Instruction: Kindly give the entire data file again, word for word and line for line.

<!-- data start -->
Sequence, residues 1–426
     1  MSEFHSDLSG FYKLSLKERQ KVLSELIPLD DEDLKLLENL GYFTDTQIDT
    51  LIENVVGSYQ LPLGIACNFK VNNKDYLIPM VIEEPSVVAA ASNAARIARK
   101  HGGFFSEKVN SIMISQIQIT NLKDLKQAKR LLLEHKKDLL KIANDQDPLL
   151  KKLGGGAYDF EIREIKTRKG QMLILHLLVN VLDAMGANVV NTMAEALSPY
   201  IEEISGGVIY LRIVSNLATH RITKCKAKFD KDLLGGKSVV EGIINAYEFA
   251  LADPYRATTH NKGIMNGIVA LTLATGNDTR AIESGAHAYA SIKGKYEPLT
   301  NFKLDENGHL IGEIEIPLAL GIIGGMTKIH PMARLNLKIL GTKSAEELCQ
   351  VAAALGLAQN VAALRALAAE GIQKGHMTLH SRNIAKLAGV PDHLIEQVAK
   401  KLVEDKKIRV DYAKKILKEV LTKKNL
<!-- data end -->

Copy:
Sequence, residues 1–426
     1  MSEFHSDLSG FYKLSLKERQ KVLSELIPLD DEDLKLLENL GYFTDTQIDT
    51  LIENVVGSYQ LPLGIACNFK VNNKDYLIPM VIEEPSVVAA ASNAARIARK
   101  HGGFFSEKVN SIMISQIQIT NLKDLKQAKR LLLEHKKDLL KIANDQDPLL
   151  KKLGGGAYDF EIREIKTRKG QMLILHLLVN VLDAMGANVV NTMAEALSPY
   201  IEEISGGVIY LRIVSNLATH RITKCKAKFD KDLLGGKSVV EGIINAYEFA
   251  LADPYRATTH NKGIMNGIVA LTLATGNDTR AIESGAHAYA SIKGKYEPLT
   301  NFKLDENGHL IGEIEIPLAL GIIGGMTKIH PMARLNLKIL GTKSAEELCQ
   351  VAAALGLAQN VAALRALAAE GIQKGHMTLH SRNIAKLAGV PDHLIEQVAK
   401  KLVEDKKIRV DYAKKILKEV LTKKNL